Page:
Texas nursing home abuse laws exist to provide guidelines for the standards of care that nursing home residents must receive. The primary goal of Texas nursing home laws is to ensure that residents are treated with sufficient care to maintain the highest possible level of physical, mental, and social health.
In addition to optimal wellbeing, patients are entitled to living conditions that are free from physical, sexual, mental, and verbal abuse. The Texas Department of Aging and Disability Services (DADS) oversees nursing home regulations.
Quality of Care
Under Title 40, Part 1, Chapter 19 of the Texas Administrative Code, nursing home residents are entitled to a certain quality of care. Under these Texas nursing home laws, residents must receive the necessary services and care to attain or maintain the highest possible mental, physical, and psychosocial wellbeing.
Each patient’s comprehensive care plan must be planned and executed in a manner that achieves these goals. A comprehensive care plan should cover needs including room and board, over-the-counter drugs, social services, personal needs items, and medical supplies and equipment.
Basic Rights in Texas Nursing Homes
Under Texas nursing home laws, residents must receive respect for their individuality and dignity. Additionally, the needs and preferences of each resident must be individually met. These needs should be met through a personalized care plan that is tailored to each resident. This care plan should systematically address the patient’s nursing, medical, mental, and social needs.
Texas nursing home laws are in place to ensure that each patient receives the most effective care possible. A resident’s mental and physical capabilities may not decline unless clinically unavoidable. These capabilities include bathing, using the toilet, dressing, eating, moving, and grooming. If residents are unable to perform any daily living activities on their own, the nursing home is required to provide adequate assistance.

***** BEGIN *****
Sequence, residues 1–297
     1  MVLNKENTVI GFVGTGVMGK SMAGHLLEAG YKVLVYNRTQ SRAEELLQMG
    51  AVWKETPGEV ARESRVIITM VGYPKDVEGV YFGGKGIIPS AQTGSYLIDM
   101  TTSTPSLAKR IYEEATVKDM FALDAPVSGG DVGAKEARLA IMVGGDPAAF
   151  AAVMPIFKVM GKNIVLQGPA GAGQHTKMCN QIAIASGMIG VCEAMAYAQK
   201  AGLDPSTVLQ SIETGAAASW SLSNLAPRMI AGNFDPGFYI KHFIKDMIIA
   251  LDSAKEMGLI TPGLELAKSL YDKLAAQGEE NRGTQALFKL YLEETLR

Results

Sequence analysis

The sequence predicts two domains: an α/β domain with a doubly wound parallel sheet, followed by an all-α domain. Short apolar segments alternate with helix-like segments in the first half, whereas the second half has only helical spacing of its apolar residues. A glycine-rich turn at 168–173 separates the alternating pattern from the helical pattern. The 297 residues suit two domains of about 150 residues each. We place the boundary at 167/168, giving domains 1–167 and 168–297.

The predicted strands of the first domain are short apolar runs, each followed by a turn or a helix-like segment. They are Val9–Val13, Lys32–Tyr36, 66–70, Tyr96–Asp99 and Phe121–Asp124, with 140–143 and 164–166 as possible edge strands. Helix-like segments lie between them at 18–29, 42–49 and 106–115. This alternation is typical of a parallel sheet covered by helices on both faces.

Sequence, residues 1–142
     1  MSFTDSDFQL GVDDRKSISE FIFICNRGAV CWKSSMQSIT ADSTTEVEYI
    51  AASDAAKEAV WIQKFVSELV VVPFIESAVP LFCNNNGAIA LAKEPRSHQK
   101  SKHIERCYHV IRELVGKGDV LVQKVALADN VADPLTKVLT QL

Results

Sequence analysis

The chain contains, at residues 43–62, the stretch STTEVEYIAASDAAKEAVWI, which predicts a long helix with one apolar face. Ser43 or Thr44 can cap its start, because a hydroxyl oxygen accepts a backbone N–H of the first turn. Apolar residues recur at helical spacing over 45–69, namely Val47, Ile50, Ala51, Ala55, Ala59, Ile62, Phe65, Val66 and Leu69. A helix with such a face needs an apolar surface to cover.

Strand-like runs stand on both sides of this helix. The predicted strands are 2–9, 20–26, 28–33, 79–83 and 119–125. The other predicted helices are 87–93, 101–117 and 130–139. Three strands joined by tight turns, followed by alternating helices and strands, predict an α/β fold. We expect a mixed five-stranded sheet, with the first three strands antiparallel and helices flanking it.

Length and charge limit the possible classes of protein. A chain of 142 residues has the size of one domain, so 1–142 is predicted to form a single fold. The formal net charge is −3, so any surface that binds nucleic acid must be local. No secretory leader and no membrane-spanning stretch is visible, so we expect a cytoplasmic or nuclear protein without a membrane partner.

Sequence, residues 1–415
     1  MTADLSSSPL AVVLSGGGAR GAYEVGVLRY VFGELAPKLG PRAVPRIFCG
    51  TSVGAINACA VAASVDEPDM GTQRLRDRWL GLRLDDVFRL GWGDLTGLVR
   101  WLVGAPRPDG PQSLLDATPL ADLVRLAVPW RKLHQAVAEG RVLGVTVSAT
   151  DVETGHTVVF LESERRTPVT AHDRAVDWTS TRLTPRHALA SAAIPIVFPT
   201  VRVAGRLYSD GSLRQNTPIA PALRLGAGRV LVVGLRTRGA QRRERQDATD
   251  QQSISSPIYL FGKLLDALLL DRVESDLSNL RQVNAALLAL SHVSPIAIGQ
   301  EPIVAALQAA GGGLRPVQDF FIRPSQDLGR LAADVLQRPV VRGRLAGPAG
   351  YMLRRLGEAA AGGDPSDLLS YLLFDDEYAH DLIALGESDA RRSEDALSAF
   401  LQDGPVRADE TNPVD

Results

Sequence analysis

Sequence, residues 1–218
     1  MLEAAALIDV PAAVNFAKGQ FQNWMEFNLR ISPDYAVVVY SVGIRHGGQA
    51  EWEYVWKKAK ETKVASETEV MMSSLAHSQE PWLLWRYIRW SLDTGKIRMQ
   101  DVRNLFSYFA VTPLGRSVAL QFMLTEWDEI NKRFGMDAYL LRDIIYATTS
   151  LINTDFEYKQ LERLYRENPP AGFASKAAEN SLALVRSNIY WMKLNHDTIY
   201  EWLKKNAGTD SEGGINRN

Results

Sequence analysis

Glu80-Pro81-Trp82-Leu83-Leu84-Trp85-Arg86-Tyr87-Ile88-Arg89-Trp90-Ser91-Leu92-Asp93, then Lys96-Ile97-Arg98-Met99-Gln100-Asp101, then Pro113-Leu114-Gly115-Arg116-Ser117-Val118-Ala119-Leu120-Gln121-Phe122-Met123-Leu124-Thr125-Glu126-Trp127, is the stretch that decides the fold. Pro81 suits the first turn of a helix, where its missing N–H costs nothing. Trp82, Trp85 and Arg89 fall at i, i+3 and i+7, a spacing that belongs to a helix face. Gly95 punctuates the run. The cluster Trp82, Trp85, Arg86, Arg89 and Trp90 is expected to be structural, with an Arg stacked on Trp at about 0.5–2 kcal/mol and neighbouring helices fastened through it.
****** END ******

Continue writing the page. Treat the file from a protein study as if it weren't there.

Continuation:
Hygiene and Sanitation in Texas Nursing Homes
Each nursing home in Texas must receive housekeeping and maintenance that ensures a sanitary, orderly, and comfortable environment for residents. The beds and bath linens of each resident must be clean, in good condition, and changed regularly. Unless clinically avoidable, patients must not develop bed sores, or pressure sores. If a resident develops bed sores, Texas nursing home laws require treatment that promotes healing and prevents new sores from developing.
Diet and Medication – Texas Nursing Home State Laws
Texas nursing home laws state that residents must be provided with adequate diet and hydration that suits their personal needs and medical conditions. Special dietary needs must be planned for and met when appropriate for each patient. The food provided must be palatable and nutritious.
Nasogastric tubes may not be used for feeding unless medically necessary. Residents who receive nasogastric care must be treated so that ulcers, pneumonia, dehydration, and other poor nasogastric care issues do not develop. Patients must not be subjected to significant errors in medication. Furthermore, residents must not be given unnecessary drugs.
Texas Nursing Home Staff Requirements
Texas nursing home laws require that each facility has a sufficient number of staff members to ensure that all resident needs are met. Furthermore, the staff must be sufficient in attaining the highest practicable mental, physical, and social wellbeing of residents according to their plan of care. A registered nurse must be on duty at each facility for eight hours a day during all seven days of the week. While there is no set ratio of caregivers to residents, the National Citizens’ Coalition for Nursing Home Reform (NCCNHR) has produced guidelines for suggested minimum ratios.
The NCCNHR recommends the following ratios of caregivers to residents:
- During the day: one direct care giver for every five residents
- During the evening: one direct caregiver for every 10 residents
- During the night: one direct care giver for every 15 residents
“Nursing Facilities.” Resources for DADS Service Providers. Department of Aging and Disability Services, 9 Apr 2013. Web. 20 May 2013. <http://www.dads.state.tx.us/providers/NF/>.
“Selecting a Nursing Home.” Attorney General of Texas Greg Abbott. Office of the Attorney General, 1 Mar 2012. Web. 20 May 2013. <https://www.oag.state.tx.us/elder/select.shtml>.
“Texas Administrative Code.” Texas Secretary of State John Steen. Office of the Secretary of State. Web. 20 May 2013. <http://info.sos.state.tx.us/pls/pub/readtac$ext.TacPage?sl=R&app=9&p_dir=&p_rloc=&p_tloc=&p_ploc=&pg=1&p_tac=&ti=40&pt=1&ch=19&rl=901>.